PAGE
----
At an unassuming storefront on a busy Brooklyn street, people sign up to use a bathroom outfitted to try to curb an overdose crisis.
Waiting his turn, a man named Robert is frank about why he’s there, instead of one of the stairwells, parks, rooftops or porches where he has used heroin in the past.
“It keeps us safe. It keeps us from getting arrested. You feel secure here,” says Robert, who discussed his drug use on condition that his last name not be used because he fears arrest and damage to family relationships. “You know that someone’s paying attention if you fall out in there. … You know they’re not going to let nothing happen to you.”
As communities debate trying to stem overdose deaths by allowing safe havens for people to take heroin and other narcotics, places like this needle exchange program are quietly providing a model of sorts: bathrooms monitored by intercom, so someone can intervene to stop an overdose.
Officially, they aren’t the more full-fledged and controversial facilities — often called safe injection sites — that cities including New York, Philadelphia, San Francisco and Seattle are seeking to open and that already operate overseas. At the same time, some counties and cities have pre-emptively banned injection sites, and federal officials have said they’re illegal.
While the discussion plays out, Robert and about a dozen other people turned up on a recent afternoon to use the bathroom off the green-and-orange drop-in room at VOCAL-NY, where work includes needle exchange, support groups and advocacy campaigns.
A sign on the bathroom allows 10 minutes “to take care of business.” But every three minutes, a staffer checks in by intercom. If there’s no response, the staffer will release the door lock and come in, ready to administer anti-overdose medication. In eight years, a few people have overdosed but all have been rescued, VOCAL says.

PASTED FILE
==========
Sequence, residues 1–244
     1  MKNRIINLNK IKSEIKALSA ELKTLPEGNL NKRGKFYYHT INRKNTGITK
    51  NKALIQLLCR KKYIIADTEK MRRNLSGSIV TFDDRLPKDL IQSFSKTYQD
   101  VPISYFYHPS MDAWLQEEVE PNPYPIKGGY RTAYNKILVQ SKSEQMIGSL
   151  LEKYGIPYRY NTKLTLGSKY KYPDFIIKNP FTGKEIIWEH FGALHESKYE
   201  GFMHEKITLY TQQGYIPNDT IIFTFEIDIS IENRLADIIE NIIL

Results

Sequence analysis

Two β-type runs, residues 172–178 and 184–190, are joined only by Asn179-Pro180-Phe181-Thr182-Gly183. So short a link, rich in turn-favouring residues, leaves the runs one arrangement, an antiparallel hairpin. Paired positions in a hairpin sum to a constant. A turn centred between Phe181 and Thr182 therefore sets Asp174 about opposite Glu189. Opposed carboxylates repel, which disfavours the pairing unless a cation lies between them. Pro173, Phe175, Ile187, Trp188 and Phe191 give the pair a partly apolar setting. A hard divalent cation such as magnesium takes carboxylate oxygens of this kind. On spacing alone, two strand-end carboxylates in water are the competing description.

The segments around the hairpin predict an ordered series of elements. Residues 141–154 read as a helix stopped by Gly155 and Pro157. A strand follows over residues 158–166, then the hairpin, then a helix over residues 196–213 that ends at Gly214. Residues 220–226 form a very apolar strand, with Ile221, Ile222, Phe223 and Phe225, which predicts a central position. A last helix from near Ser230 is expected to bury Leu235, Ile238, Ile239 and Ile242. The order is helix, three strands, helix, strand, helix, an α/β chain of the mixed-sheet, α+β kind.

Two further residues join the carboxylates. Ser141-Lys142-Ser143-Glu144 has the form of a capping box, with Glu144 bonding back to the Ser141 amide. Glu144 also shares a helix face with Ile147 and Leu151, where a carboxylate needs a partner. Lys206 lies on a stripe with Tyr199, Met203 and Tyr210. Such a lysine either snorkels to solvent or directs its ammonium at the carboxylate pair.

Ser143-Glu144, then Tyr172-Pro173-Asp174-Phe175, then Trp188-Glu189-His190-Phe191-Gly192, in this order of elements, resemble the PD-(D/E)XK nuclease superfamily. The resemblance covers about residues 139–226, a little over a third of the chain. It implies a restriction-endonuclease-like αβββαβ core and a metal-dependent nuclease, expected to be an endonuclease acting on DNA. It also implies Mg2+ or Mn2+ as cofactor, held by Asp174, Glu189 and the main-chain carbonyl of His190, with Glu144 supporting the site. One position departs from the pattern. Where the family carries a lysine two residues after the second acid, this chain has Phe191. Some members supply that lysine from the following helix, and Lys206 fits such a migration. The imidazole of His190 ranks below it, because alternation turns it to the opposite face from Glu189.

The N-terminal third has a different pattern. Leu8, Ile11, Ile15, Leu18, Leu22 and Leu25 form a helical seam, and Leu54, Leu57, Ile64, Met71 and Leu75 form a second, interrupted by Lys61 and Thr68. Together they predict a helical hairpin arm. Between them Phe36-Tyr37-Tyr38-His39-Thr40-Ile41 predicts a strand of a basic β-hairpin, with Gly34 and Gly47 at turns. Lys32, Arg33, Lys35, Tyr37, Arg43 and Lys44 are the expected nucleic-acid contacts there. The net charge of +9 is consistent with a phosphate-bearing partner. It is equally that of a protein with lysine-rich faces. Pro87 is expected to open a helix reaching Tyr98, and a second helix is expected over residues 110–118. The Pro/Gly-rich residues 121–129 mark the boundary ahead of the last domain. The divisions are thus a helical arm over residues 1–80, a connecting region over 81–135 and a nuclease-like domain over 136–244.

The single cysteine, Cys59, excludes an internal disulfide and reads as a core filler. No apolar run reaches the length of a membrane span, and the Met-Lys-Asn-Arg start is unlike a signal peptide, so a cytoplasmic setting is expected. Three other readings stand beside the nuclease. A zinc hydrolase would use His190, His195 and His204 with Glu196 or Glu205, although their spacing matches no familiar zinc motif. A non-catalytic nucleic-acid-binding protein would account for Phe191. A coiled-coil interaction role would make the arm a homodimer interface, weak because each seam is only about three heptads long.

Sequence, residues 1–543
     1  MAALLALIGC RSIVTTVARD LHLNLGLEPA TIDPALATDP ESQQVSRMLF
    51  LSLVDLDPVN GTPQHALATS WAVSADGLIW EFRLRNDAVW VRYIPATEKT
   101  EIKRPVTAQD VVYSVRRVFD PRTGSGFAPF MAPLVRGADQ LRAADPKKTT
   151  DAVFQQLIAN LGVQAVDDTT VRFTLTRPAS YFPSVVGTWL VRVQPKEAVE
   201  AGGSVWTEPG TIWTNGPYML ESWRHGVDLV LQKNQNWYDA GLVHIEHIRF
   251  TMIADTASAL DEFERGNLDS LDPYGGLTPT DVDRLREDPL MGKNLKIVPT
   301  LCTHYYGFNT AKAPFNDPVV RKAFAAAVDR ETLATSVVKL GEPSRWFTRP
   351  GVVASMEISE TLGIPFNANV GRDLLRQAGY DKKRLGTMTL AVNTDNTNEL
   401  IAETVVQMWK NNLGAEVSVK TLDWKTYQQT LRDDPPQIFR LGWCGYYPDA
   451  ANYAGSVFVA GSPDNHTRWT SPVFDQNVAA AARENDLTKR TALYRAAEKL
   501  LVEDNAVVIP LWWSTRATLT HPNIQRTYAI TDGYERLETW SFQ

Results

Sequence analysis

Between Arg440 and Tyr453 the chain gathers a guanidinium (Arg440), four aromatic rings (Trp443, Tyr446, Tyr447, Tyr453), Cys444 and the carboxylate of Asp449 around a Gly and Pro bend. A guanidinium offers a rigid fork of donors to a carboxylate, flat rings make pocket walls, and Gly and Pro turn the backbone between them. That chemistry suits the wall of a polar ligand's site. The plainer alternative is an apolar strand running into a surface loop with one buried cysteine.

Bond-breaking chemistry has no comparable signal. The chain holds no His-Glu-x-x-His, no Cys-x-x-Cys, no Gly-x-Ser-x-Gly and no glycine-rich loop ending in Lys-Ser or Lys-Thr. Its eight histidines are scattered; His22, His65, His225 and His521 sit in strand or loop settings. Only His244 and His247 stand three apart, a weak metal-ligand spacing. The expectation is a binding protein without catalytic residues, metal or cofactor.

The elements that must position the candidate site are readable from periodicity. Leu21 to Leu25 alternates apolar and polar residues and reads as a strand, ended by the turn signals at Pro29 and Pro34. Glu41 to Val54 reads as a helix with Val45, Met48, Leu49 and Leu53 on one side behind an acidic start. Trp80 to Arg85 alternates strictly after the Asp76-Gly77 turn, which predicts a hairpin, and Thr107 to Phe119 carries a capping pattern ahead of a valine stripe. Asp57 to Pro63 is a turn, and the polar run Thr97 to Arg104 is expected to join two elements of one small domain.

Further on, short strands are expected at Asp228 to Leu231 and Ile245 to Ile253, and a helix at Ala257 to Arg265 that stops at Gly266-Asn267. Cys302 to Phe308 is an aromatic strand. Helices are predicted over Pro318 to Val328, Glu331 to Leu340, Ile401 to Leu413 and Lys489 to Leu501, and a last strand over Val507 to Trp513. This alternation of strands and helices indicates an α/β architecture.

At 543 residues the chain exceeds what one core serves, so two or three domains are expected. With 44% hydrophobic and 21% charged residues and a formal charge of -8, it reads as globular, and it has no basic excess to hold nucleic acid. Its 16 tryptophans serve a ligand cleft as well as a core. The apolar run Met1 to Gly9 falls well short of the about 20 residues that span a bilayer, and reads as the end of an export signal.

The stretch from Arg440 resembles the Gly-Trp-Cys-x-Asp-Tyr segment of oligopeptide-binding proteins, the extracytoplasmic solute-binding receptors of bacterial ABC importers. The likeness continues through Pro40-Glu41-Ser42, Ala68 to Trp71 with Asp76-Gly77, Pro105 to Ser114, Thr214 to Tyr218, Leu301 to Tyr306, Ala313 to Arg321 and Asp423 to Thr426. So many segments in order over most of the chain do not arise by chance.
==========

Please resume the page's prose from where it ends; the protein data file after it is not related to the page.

If not official, the restroom isn’t exactly underground, either. State Health Department policies suggest that needle exchange programs bathrooms have such safeguards.
“This bathroom is literally a response to hundreds of overdose deaths in bathrooms and streets across the city,” Jeremy Saunders, VOCAL’s co-executive director. “You can say we’re enabling people, but what we would say is: At what point do you want us to stop caring?”
Opioid drugs — including pain pills, heroin, and the heavy-duty painkiller fentanyl — have spawned the deadliest epidemic of drug overdoses in U.S. history. It has killed over 47,000 people nationwide in the 12 months that ended in November, the most recent federal data.
About 100 supervised injection sites have opened in Canada, Australia and Europe over the past 30 years. At least one has been operating under the radar somewhere in the U.S. since 2014, according to a research paper.
The mayor of the college town of Ithaca, New York, proposed a supervised injection space in 2016. Now New York is seeking state and community approval for a one-year test of four “overdose prevention centers” at privately run syringe-exchange programs, and Philadelphia is looking for organizations interested in running or funding injection sites.
San Francisco initially hoped to open two sites this summer or fall but now isn’t setting a time frame while working through legal issues. Seattle has budgeted $1.3 million this year to work toward launching a site, while opponents have been trying for a public vote on banning it.
A typical site would go well beyond VOCAL’s bathroom, offering a space with tables or booths set up with sterile syringes, alcohol swabs, and other accouterments.